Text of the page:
One organization working in the situation is REACH (who was CPT-IK’s inviting partner in 2006).  This group, along with RDSYP, funded by Christian Aid UK, had the vision of presenting workshops to train individuals from these ethnic and religious groups to create community and understanding and reduce the potential of further violence. CPT-IK’s friend, Ann Ward, suggested that Alternatives to Violence Project (AVP) would be a good experiential way to equip these persons to face the tensions in a nonviolent, compassionate way. Participants would receive training to present one day workshops to young people with the goal of providing opportunities for listening, understanding and cooperation.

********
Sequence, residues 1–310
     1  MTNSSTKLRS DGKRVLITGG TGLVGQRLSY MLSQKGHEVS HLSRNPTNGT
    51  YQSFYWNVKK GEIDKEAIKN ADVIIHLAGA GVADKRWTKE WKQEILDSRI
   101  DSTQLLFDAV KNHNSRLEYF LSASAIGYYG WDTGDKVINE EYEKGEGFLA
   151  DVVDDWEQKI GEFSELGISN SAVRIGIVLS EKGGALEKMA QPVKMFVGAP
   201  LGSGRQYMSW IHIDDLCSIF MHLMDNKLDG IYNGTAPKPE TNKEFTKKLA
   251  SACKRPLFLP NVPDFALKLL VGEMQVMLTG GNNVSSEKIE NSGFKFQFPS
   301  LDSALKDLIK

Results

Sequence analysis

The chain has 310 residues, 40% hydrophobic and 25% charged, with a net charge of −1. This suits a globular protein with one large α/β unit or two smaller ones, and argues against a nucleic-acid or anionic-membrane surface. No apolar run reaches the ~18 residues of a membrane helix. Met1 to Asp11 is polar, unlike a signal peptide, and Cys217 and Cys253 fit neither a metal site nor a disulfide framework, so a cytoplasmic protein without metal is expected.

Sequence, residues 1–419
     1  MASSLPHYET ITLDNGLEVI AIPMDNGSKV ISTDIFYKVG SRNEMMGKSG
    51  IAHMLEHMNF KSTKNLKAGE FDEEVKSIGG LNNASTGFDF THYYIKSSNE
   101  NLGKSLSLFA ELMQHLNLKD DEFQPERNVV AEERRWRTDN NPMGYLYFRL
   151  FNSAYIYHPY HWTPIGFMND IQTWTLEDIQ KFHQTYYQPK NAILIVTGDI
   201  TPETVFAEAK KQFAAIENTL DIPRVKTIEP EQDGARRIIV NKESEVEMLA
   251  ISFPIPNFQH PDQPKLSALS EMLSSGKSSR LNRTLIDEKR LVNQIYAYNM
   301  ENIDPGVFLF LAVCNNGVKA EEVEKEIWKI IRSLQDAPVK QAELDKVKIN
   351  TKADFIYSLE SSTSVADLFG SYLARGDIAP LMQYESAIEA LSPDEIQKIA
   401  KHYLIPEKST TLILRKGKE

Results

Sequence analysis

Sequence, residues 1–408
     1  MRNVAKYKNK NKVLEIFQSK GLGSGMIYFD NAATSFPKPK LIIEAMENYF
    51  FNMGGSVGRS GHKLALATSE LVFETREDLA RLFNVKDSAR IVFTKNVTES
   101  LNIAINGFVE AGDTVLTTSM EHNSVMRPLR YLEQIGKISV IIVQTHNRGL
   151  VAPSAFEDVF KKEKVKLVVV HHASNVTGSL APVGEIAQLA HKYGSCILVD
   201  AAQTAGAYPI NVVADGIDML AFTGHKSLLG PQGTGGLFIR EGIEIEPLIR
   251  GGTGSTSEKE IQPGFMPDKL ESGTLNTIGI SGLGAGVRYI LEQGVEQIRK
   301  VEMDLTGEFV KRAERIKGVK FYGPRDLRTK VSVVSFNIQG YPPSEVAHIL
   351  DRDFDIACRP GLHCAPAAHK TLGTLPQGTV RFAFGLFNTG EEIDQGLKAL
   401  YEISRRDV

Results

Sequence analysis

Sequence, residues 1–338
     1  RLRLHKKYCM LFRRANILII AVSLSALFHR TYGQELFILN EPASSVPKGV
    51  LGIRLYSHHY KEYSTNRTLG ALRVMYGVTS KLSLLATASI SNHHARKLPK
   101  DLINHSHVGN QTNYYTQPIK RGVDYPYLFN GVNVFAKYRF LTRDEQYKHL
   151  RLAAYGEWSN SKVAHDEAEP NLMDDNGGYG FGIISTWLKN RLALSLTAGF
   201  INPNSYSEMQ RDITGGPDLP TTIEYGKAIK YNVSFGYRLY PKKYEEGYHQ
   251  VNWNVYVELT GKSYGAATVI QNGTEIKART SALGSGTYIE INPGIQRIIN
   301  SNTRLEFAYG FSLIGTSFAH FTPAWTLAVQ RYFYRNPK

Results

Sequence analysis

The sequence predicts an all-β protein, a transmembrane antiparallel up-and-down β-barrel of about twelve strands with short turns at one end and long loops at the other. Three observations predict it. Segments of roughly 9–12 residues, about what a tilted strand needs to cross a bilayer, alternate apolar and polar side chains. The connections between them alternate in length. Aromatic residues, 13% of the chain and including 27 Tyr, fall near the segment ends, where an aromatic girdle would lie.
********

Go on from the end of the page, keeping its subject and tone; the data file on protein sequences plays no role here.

Ward invited two members of CPT-IK to co-facilitate this first adventure of AVP in Iraqi Kurdistan. Two other CPTers joined the training along with sixteen persons from diverse ethnic and religious backgrounds.

IRAQI KURDISTAN: Project “Bringing Hope and Fun” begins in Arbat IDP camp

10407601_786159374800636_6630778394365459304_nCPT Iraqi Kurdistan has begun a project, “Bringing Hope and Fun,” to work with children in the Arbat IDP camp, just outside of Sulaimani.  Led by our intern, Alicja Zasadowska, and aided by the local organization STEP, we were able to create an activity for the children of the camp.

We asked them to draw a picture and write a story explaining the best day of their lives.  The twenty-five children we were working with ranged in age from five to fifteen.  For many of them, grief and horror has become a central part of their lives.  People often ask them to reflect on these difficult things as they tell their stories.  However, Alicja wanted them to share about something happy, so that they could practice cultivating good memories even in the midst of their trauma.